The copper chaperone for superoxide dismutase

Valeria Cizewski Culotta, Leo W.J. Klomp, Jeffrey Strain, Ruby Leah B. Casareno, Bernhard Krems, Jonathan D. Gitlin

Research output: Contribution to journalArticle

Abstract

Copper is distributed to distinct localizations in the cell through diverse pathways. We demonstrate here that the delivery of copper to copper/zinc superoxide dismutase (SOD1) is mediated through a soluble factor identified as Saccharomyces cerevisiae LYS7 and human CCS (copper chaperone for SOD). This factor is specific for SOD1 and does not deliver copper to proteins in the mitochondria, nucleus, or secretory pathway. Yeast cells containing a lys7Δ null mutation have normal levels of SOD1 protein, but fail to incorporate copper into SOD1, which is therefore devoid of superoxide scavenging activity. LYS7 and CCS specifically restore the biosynthesis of holoSOD1 in vivo. Elucidation of the CCS copper delivery pathway may permit development of novel therapeutic approaches to human diseases that involve SOD1, including amyotrophic lateral sclerosis.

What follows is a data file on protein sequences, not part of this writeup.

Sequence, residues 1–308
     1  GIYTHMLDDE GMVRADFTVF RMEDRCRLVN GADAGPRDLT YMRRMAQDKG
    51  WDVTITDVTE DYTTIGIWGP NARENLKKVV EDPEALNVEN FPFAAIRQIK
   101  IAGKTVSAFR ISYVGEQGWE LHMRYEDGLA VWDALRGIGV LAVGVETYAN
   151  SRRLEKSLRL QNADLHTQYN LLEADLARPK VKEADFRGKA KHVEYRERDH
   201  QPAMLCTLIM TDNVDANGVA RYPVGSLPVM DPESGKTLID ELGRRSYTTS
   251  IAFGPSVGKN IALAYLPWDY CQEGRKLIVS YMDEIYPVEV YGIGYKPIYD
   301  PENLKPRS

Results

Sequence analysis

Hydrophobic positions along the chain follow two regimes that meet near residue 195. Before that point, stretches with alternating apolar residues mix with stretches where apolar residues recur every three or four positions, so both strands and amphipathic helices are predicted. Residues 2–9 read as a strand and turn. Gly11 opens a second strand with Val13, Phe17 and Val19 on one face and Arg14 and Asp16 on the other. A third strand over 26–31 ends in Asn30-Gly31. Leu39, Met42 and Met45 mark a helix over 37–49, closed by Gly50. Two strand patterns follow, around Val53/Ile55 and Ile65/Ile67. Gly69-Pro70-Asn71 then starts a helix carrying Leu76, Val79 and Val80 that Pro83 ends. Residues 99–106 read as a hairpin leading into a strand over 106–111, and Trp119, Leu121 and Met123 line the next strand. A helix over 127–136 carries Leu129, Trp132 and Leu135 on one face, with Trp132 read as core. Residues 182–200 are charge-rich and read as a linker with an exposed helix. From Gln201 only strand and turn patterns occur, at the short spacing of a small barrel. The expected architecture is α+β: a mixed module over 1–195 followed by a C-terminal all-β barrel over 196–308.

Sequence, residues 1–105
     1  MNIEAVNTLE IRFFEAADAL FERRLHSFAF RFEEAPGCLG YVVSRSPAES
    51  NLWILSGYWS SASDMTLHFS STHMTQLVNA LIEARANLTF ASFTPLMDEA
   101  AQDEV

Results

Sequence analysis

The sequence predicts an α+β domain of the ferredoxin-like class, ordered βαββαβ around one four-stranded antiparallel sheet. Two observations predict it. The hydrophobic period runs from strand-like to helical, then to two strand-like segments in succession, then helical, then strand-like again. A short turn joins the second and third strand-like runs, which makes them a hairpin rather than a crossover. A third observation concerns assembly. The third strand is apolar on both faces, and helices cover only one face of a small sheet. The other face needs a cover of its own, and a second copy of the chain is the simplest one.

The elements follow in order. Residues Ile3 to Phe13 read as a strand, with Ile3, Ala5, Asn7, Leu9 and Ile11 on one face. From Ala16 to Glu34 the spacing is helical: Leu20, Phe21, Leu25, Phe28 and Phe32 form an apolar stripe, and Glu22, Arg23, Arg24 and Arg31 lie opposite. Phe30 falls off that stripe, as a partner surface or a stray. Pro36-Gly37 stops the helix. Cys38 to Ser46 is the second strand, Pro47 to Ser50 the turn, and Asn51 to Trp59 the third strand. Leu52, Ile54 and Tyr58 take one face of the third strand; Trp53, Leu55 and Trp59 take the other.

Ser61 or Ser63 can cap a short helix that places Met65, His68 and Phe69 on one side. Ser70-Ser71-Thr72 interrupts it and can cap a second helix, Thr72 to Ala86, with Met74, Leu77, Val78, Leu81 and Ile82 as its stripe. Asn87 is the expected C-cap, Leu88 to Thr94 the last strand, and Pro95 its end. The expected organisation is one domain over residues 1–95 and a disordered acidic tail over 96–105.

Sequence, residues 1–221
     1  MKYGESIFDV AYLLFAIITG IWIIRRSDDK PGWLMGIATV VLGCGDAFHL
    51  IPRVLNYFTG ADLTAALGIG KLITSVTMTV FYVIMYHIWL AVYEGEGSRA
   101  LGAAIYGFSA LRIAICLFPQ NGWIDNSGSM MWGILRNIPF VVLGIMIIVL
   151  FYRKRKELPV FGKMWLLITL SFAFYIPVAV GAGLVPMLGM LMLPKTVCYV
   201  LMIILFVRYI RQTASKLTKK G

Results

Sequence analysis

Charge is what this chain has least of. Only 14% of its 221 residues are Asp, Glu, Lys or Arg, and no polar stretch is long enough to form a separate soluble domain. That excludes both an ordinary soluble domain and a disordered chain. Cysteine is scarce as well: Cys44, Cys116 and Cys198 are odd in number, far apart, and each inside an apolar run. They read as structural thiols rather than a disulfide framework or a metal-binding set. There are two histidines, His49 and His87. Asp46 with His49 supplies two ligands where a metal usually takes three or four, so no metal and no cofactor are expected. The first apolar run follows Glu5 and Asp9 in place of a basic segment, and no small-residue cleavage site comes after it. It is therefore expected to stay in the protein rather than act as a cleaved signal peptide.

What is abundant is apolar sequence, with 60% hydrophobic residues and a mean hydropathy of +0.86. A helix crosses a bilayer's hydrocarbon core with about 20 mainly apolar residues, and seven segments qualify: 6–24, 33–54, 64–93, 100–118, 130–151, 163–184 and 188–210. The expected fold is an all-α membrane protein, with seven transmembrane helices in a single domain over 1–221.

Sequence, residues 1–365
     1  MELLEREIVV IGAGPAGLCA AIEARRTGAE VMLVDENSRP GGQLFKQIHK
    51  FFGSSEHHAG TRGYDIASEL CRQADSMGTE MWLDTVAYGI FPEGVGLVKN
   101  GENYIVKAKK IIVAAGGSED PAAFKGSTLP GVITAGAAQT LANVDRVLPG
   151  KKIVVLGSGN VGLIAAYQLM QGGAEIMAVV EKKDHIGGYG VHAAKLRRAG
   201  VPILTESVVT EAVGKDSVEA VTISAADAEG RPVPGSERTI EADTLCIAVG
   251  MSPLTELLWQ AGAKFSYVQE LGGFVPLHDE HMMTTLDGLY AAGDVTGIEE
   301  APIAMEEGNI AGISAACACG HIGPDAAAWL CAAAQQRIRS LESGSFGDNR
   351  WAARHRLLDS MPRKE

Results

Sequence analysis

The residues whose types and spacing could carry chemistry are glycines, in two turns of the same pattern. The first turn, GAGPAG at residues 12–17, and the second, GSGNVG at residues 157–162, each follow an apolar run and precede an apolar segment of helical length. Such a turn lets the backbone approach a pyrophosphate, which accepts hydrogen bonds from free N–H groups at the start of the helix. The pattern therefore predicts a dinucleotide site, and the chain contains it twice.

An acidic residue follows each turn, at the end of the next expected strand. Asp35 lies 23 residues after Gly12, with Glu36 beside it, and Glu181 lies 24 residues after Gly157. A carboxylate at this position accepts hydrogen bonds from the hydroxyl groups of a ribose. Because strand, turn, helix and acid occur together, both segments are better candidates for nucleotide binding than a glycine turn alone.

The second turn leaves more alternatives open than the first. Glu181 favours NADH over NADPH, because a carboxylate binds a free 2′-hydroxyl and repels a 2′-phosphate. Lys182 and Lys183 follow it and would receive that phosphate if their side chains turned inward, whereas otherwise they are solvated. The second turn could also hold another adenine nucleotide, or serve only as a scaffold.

Original languageEnglish (US)
Pages (from-to)23469-23472
Number of pages4
JournalJournal of Biological Chemistry
Volume272
Issue number38
DOIs
StatePublished - Sep 19 1997

ASJC Scopus subject areas

  • Biochemistry
  • Molecular Biology
  • Cell Biology

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    Culotta, V. C., Klomp, L. W. J., Strain, J., Casareno, R. L. B., Krems, B., & Gitlin, J. D. (1997). The copper chaperone for superoxide dismutase. Journal of Biological Chemistry, 272(38), 23469-23472. https://doi.org/10.1074/jbc.272.38.23469